Historically, this era produced some of America's wealthiest and most powerful industrialists. One of these is John D. Rockefeller, born in Richford, New York, in 1839, who began his working life as an assistant bookkeeper in Cleveland, Ohio. In 1863, Rockefeller invested his savings into an oil refinery and, two years later, he took over the company. By 1870, he had established his own oil refining company, Standard Oil, which grew to control 90% of the country's refineries and pipelines, making him one of the richest and most successful industrialists of his time. (See the first reference link provided).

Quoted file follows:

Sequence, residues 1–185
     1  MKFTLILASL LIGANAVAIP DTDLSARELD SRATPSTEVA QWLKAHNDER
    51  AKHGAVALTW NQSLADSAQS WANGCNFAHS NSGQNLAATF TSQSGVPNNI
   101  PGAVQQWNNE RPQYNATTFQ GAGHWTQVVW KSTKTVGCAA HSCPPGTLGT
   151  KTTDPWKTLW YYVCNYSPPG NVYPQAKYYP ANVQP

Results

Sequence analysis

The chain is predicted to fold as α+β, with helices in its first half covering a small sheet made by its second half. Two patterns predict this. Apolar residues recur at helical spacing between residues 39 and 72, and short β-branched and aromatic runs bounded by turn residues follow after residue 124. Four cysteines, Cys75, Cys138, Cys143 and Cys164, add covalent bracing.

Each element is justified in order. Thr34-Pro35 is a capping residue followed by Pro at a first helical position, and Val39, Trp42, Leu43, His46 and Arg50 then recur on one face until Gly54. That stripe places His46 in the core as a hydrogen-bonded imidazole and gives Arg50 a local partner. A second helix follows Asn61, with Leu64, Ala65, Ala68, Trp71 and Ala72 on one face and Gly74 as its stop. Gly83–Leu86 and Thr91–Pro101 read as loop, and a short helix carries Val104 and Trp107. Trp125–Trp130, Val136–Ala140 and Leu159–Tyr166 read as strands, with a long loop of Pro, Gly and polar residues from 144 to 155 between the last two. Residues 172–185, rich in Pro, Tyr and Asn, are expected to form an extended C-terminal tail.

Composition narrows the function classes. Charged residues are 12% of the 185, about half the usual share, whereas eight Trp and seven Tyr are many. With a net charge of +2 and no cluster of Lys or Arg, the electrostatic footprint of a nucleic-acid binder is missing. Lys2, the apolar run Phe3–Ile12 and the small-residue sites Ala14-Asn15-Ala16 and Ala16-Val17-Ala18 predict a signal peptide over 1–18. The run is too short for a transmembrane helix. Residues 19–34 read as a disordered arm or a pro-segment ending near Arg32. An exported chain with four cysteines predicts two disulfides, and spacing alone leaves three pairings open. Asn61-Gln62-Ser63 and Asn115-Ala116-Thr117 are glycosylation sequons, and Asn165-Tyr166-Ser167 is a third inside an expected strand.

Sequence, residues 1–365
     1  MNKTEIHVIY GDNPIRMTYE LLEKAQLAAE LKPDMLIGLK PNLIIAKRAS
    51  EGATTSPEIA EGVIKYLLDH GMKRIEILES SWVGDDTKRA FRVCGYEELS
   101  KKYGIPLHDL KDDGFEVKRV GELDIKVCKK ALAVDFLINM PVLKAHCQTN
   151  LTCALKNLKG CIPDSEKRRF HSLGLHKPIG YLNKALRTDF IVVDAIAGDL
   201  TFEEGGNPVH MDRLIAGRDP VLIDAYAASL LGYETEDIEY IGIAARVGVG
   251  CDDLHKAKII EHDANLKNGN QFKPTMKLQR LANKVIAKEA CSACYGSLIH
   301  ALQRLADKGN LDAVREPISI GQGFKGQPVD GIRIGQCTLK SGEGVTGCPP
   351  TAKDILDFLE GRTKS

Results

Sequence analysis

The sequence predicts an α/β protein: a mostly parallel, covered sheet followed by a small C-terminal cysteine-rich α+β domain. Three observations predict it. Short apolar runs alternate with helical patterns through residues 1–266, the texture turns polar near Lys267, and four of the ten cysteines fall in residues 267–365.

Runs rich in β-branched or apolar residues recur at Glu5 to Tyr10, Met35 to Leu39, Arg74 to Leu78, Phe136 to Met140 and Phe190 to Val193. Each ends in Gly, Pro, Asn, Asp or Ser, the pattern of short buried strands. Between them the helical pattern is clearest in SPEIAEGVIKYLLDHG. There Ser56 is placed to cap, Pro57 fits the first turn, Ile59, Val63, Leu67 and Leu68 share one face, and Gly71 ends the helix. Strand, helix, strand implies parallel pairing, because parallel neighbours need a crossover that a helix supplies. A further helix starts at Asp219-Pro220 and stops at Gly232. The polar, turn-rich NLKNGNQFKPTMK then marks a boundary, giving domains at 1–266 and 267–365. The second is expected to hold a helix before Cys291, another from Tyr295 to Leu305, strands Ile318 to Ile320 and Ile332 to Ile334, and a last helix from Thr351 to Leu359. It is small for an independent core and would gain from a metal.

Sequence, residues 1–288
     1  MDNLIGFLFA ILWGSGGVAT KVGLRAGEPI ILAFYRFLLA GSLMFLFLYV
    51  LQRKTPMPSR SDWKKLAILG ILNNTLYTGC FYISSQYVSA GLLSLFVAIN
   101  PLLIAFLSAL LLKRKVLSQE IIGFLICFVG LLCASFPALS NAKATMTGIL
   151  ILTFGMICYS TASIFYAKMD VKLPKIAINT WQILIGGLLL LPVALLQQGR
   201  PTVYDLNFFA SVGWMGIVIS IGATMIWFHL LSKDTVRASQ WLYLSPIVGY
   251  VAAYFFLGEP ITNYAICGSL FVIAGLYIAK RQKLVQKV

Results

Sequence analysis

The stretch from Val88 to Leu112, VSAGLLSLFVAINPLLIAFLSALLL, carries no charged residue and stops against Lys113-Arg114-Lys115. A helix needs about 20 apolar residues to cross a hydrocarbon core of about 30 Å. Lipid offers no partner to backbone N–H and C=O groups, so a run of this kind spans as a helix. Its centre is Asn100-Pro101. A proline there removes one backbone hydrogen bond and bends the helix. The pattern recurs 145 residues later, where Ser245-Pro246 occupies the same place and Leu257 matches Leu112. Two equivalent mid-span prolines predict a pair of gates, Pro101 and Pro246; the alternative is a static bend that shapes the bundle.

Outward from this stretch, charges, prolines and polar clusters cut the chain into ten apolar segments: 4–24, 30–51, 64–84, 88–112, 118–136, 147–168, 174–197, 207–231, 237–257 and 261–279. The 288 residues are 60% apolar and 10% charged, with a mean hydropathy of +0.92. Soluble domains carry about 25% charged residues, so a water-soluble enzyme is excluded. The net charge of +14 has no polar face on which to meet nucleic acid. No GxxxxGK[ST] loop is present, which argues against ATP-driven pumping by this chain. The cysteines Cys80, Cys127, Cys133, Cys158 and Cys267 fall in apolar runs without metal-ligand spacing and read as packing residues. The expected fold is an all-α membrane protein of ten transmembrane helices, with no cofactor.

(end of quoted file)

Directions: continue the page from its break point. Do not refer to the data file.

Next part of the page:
Another industrialist is Andrew Carnegie who was born in Scotland in 1835 but emigrated with his family to Pittsburgh in 1848. As a young man, Carnegie worked in the telegraph office of the Pennsylvania Railroad but quit after the Civil War because he saw huge potential in the burgeoning steel industry. Through the Keystone Bridge Company, Carnegie made his name by replacing wooden bridges with steel ones. Over his lifetime, Carnegie amassed a personal fortune of $310 billion. (See the second and third reference links provided).